In 2017, the rising rates environment in US and dovish stance of Bank of Canada will potentially attract more Canadian corporate issuers (e.g. Rogers) who used to frequently come to US bond market to issue in CAD market instead; also, Canadian issuers with heavy US operations might choose to issue CAD bonds as well and then swap back to USD. Additionally, Trudeau and Trump’s plans to increase infrastructure spending may lead to a surge in infrastructure sector bond issuance in 2017 and beyond. Finally, Oil price are likely to pick up as well, creating opportunistic credit conditions for those in that market.
That leads us back to the growth of financial technology. 2016 saw financial institutions further embracing technology within their operations. Earlier this year, J.P. Morgan announced a target spend of $9.4 billion annually on technology, with 40% of this to be in their investments and technologies category. With many financial technology solutions being implemented in numerous areas of banking, including lending, payments, and wealth management, we expect financial technology to begin increasing its importance in less-explored areas of banking services, including capital markets and regulatory/compliance.
The challenges that are being faced by debt capital market participants in the marketplace.
In today’s landscape, more stringent and changing regulatory environment makes it important to ensure that capital markets participants are equipped to meet the requirements. Data availability and recordkeeping through technology is a strong theme for all leading capital markets participants. In terms of challenging regulatory requirements, we are seeing three core difficulties. First, financial regulation has become increasingly demanding post global financial crisis. Additionally, Regulators’ are placing a strong emphasis on risk reporting challenges banks’ current compliance framework. Finally, financial institutions are challenged to comply with fast-changing requirements from various regulators in multiple jurisdictions.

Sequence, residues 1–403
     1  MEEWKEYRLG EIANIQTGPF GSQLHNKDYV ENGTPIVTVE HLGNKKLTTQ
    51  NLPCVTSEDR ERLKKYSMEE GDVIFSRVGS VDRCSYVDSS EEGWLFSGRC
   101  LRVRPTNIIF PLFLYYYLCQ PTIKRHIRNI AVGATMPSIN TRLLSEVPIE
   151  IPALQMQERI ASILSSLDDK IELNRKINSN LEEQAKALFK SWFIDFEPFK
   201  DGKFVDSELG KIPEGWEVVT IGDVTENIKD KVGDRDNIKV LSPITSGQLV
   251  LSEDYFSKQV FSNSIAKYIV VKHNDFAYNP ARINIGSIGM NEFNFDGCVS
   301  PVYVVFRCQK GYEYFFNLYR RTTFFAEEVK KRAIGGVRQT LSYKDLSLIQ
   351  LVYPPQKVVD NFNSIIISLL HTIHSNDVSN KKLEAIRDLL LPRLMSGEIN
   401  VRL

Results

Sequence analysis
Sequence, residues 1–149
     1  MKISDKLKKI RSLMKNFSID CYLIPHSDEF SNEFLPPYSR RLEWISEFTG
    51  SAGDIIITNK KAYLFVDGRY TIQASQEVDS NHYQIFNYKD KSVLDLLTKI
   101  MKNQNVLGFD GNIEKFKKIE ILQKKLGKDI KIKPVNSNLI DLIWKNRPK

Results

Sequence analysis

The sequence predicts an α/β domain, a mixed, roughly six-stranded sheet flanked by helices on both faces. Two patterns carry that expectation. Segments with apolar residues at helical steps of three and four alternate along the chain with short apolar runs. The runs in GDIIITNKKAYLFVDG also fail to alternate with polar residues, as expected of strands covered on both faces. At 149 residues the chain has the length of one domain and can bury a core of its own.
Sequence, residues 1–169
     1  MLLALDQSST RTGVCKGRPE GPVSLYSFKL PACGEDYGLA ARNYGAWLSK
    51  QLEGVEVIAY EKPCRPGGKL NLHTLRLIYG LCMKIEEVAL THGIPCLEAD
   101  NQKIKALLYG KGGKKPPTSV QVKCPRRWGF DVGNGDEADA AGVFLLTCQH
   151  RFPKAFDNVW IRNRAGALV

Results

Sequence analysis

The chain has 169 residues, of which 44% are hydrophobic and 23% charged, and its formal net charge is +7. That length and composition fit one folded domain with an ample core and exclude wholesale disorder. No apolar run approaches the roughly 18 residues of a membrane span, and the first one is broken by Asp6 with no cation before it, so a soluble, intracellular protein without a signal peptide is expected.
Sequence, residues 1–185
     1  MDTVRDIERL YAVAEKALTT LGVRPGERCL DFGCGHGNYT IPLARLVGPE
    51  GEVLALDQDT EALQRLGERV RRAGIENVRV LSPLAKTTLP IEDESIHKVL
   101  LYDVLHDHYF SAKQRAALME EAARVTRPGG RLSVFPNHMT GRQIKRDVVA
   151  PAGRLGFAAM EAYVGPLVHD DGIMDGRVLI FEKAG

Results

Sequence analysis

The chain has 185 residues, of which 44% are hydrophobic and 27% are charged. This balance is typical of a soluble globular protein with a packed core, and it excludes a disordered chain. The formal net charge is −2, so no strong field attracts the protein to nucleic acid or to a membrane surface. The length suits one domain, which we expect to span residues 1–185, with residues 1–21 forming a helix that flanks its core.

More specifically, the aforementioned challenges result in a more complex reporting process. First, distributed, internal, and legacy IT systems complicate reporting process and increase compliance risk. This poses a major efficiency and accuracy challenge, as most financial institutions still heavily rely on manual process to manage, analyze and prepare data. To further exacerbate this issue, exponential growth in financial products and transaction data further complicates the situation.
TTo build on this, there are now increasing compliance costs involved in increased regulatory measures. On average large global financial institutions spend over $1bn annually on compliance - a considerable expense for most companies. The consequences from improper regulation management have been quite costly for companies worldwide. Regulatory fines and settlements in 20 large US and European banks increased by 45 times from 2010 to 2014, according to McKinsey 2016 Report on best-practices in bank compliance. In 2016, Deutsche Bank faced a $14bn fine from DOJ for mis-selling bonds during financial crisis.
As mentioned earlier on technology integration, compliance costs and risk can be managed through adoption of a digital recordkeeping platform. By integrating technologies, including what we offer on the Overbond platform, you can find solutions that actually enhance regulatory functions - and here is how. Reporting is standardized by being able to map compliance tasks to relevant business units according to their fixed income market activities. Fixed Income investors also have better risk control - enterprise governance frameworks are now applied to internal standardized processes and data solutions. Through the use of advanced data analytics, regulatory risks and issues are now able to be identified proactively.